My Nonnie was a gruff and funny woman who, even at Thanksgiving, put a huge slab of lasagna on our plates as an appetizer. Even with a turkey, mashed potatoes, sweet potatoes, breaded cauliflower, oil and vinegar salad, pumpkin pie, apple pie, lemon knots, biscotti and pizzelle, we still began the meal with a substantial, labor-intensive slice of lasagna. The effort she put in, love. The enjoyment her kids and grandkids got out of her cooking, love. The way this tradition made us feel continuity and security through the years, the way a matriarch feeds and sustains generations of a family, love. When food symbolizes all that, what happens when you can’t recreate that for your own children?
I’ve been chronically ill almost as long as I’ve had my two children. I collected diagnoses almost every year – fibromyalgia, hypoglycemia, bradycardia, hives, Lyme – and did my best to chart and record patterns to discover what made me feel worse, and what made me feel better so I could still care for my two boys as a stay-at-home mom as well as possible. The work my husband does takes him out of town nearly every week, so I am the one on-call, as it were, and need to be reliably available. But a great deal of chronic illness is unpredictable. I would buy fresh green beans at the farmers’ market and a roast at the grocery store feeling hopeful about our dinner…and then collapse on the couch for hours unable to move while the boys watched PBS. I might have gotten yeast and flour and the nice mozzarella planning to make homemade pizza together, only to suffer through a migraine that made even existing in a bright room excruciating. There was the month my right arm wouldn’t work of its own accord, so chopping was impossible. There was the summer where cooking took too long and my blood sugar would plummet long before I finished making lunch, where I had to sit on the kitchen floor sucking down whatever juice box was handy.
During this era there were dinners of Easy Mac and frozen chicken nuggets and drive-thru chicken nuggets. A far cry from what the boys and I should have been eating, a far cry from what my grandmother would have considered acceptable. Our food was a collection of calories that would keep us full enough to not be hungry, but didn’t do much more. But this, the Standard American Diet, began to make up at least half of their positive food memories of our time together. I felt ashamed at this, and relieved because the one benefit of eating fast and processed food is convenience when I didn’t have any energy to spare.
A few things shifted. I realized through one of my food diaries that dairy made the pain and fatigue of my fibromyalgia worse. Lasagna had long become a pipe dream since my grandmother’s passing because I didn’t have the energy to make it, and now it was banished completely because I had no easy substitutions for ricotta or mozzarella. But, removing dairy made me feel immeasurably better, not “cured”, but better.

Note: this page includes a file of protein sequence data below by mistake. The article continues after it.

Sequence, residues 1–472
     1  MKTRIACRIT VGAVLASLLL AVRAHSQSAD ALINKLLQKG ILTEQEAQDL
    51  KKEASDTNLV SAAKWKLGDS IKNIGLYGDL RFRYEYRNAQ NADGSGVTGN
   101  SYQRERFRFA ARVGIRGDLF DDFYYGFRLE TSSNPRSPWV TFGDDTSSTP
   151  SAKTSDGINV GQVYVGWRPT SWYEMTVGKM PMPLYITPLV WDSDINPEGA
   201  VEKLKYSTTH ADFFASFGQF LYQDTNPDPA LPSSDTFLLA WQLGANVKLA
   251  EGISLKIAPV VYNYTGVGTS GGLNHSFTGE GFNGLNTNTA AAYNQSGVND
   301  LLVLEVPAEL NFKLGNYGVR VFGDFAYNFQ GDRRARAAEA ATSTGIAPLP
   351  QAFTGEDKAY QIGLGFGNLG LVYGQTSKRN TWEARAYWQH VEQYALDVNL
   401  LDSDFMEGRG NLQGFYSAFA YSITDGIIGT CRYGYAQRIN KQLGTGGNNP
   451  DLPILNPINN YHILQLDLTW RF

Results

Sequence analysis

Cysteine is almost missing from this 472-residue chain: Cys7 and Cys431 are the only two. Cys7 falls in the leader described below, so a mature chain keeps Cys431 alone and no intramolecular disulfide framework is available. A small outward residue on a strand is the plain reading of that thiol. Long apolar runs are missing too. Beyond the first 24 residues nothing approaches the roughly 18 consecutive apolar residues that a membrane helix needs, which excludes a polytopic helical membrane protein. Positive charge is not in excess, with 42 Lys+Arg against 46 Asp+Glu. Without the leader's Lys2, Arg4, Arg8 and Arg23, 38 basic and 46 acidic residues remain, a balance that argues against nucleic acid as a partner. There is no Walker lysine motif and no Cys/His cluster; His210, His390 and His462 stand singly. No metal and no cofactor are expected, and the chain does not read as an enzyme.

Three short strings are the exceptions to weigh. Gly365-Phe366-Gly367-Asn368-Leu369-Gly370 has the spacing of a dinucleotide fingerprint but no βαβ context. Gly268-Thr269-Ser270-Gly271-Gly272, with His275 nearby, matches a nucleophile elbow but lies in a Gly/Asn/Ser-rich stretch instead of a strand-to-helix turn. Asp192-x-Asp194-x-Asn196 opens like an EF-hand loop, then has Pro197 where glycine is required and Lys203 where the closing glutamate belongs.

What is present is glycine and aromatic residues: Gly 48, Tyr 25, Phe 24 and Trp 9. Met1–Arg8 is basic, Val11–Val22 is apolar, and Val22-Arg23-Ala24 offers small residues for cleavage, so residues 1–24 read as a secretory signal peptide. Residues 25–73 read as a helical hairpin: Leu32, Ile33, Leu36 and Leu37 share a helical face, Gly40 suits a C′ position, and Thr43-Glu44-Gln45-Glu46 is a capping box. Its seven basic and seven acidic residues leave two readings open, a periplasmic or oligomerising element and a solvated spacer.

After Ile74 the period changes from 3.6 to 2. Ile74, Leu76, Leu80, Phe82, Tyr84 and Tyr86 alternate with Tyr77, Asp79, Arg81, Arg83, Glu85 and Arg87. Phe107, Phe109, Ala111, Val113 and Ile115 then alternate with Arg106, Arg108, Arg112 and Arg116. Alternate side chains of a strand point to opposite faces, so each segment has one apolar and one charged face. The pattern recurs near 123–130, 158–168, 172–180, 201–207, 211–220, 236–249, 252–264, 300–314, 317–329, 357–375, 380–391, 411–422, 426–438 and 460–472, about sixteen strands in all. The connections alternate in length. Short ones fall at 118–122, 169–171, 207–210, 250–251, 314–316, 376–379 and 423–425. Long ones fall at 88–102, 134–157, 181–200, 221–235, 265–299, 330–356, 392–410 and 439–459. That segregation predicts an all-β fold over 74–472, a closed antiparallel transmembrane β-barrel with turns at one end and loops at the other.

My health problems seemed to be limited to me, for a while. Then I noticed that my oldest was getting strange symptoms that doctors had no answers for: hand numbness and oral allergies and nausea and headaches and mood swings. The food diary came out again. I have no idea what exactly he inherited from me, but it is exacerbated by dyes and preservatives-Red 40, BHT, TBHQ and DATEM being the worst offenders. These are all banned in Europe, but are consistently used in American products from bread and muffins, to cereal and crackers, to almost all fast and convenience foods. I wanted him to have a chance at feeling immeasurably better, too. Since restricting these additives does not seem like something the United States government will do anytime soon, as they are cheap and give certain foods almost indefinite shelf life, I have to find other ways to nourish my kids.
Although I love to cook fresh foods, While my illnesses are too variable for it to be practical to cook everything from scratch, I can usually gather the energy to research ingredients online in short bursts to make a list of acceptable substitutions, and in a longer burst actually go grocery shopping at someplace like Whole Foods to get things my son will love.
And my son, my brown-haired, brown-eyed eleven-year-old goofball is happier again. He spends fewer days in a funk and more dinners asking me what my favorite gaming system is, or if I could be any animal in the reptile family who would I be and why. He doesn’t have to sleep off a headache, or push himself to be polite at school when all of his nerves are on fire. The only times he wakes up with a stomachache now are if he accidentally ate a cookie full of preservatives at a friend’s birthday party the night before. My mom heart is so happy for him.
I can’t do what my grandmother did, but I can still show my love through food the way she did. The effort I put in, love. The enjoyment my kids get out of the things I can make and the things I can bring home, love. The way we can still have versions of the food we got used to even when we have to cut out so much, that feeling of continuity and security, love. Nourishment even when chronic illness and government deregulation are both working against you, love. A bag of Whole Foods preservative-free tater tots in the freezer to be broken out on days when I can’t do very much, love. A kid who knows that his health and happiness are worth the extra hunting and foraging? Love.
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